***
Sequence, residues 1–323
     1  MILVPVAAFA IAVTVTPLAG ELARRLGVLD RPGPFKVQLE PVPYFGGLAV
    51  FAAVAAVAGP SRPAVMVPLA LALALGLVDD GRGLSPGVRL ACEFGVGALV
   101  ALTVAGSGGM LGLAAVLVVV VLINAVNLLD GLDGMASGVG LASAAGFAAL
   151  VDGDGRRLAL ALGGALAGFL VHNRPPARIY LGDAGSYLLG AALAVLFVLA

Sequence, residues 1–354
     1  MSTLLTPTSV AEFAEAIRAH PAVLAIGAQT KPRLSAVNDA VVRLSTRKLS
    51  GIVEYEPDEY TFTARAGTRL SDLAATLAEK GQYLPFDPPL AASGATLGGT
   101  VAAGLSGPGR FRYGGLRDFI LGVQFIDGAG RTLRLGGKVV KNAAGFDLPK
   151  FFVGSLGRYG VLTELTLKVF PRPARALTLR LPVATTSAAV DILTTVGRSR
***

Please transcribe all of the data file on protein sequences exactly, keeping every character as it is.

Sequence, residues 1–323
     1  MILVPVAAFA IAVTVTPLAG ELARRLGVLD RPGPFKVQLE PVPYFGGLAV
    51  FAAVAAVAGP SRPAVMVPLA LALALGLVDD GRGLSPGVRL ACEFGVGALV
   101  ALTVAGSGGM LGLAAVLVVV VLINAVNLLD GLDGMASGVG LASAAGFAAL
   151  VDGDGRRLAL ALGGALAGFL VHNRPPARIY LGDAGSYLLG AALAVLFVLA

Sequence, residues 1–354
     1  MSTLLTPTSV AEFAEAIRAH PAVLAIGAQT KPRLSAVNDA VVRLSTRKLS
    51  GIVEYEPDEY TFTARAGTRL SDLAATLAEK GQYLPFDPPL AASGATLGGT
   101  VAAGLSGPGR FRYGGLRDFI LGVQFIDGAG RTLRLGGKVV KNAAGFDLPK
   151  FFVGSLGRYG VLTELTLKVF PRPARALTLR LPVATTSAAV DILTTVGRSR